Functional expression in S. cerevisiae of a highly active fungal XI has paved the way for metabolic engineering of this yeast towards high-yield, rapid production of ethanol from D-xylose under fully anaerobic conditions. On theoretical grounds, this XI-based approach is superior to the extensively studied xylose reductase/xylitol dehydrogenase strategy. While considerable experimental proof to substantiate this statement has been obtained under “academic” conditions, a next important challenge is to do the same under industrial conditions. While the first experiments in real-life plant biomass hydrolysates are quite promising, there remains plenty of scope for integrat­ing the D-xylose-fermentation genotype with other metabolic and process­engineering strategies for further increased robustness under process condi­tions.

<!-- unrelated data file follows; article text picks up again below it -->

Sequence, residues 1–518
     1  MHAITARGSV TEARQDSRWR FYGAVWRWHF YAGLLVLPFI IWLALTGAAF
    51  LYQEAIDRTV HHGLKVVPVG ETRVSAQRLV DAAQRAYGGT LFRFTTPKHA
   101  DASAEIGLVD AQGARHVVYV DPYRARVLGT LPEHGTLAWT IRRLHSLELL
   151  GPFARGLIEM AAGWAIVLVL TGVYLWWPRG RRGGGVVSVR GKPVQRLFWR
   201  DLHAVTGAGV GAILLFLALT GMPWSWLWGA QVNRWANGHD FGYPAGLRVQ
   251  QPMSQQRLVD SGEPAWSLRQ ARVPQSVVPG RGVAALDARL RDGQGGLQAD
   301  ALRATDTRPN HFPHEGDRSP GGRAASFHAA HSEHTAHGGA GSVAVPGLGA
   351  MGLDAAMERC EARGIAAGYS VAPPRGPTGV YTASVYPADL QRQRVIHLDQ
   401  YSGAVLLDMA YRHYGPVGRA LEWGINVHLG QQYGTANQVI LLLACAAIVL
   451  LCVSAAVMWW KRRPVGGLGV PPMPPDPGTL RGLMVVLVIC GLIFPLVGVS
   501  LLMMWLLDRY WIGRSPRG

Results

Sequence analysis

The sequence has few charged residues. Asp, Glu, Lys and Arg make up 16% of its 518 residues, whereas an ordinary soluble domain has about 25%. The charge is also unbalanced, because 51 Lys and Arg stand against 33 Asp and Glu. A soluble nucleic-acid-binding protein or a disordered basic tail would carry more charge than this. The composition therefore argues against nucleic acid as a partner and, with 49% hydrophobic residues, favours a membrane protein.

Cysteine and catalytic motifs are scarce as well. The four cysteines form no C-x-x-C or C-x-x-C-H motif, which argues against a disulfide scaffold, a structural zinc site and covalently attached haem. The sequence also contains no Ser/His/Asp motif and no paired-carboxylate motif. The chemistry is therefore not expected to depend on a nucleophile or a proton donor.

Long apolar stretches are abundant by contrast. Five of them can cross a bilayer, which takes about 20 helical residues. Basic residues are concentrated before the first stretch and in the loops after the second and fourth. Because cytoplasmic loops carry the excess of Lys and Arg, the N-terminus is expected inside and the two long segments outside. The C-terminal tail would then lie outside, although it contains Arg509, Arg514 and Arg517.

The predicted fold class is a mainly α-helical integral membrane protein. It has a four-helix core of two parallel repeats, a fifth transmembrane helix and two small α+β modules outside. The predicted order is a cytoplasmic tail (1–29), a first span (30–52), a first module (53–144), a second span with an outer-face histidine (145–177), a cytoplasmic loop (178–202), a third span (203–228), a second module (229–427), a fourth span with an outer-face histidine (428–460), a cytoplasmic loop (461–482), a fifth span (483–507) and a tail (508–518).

In addition to D-xylose, plant biomass hydrolysates contain several other potentially fermentable substrates that cannot be converted by wild-type S. cerevisiae strains [69]. While these compounds often represent only a few percent of the potentially fermentable carbon, they can have a decisive impact on economical competitiveness and sustainability of high-yield, high-volume processes such as fuel ethanol production. Functional integration of a highly efficient D-xylose fermentation pathway with pathways that are under devel­opment (e. g. arabinose [9,36]) or under consideration (e. g. rhamnose [69]) therefore presents an additional challenge in metabolic engineering for ef­ficient fermentation of plant biomass hydrolysates. We are convinced that creative integration of metabolic engineering, evolutionary engineering and process design can result in rapid breakthroughs in these areas.

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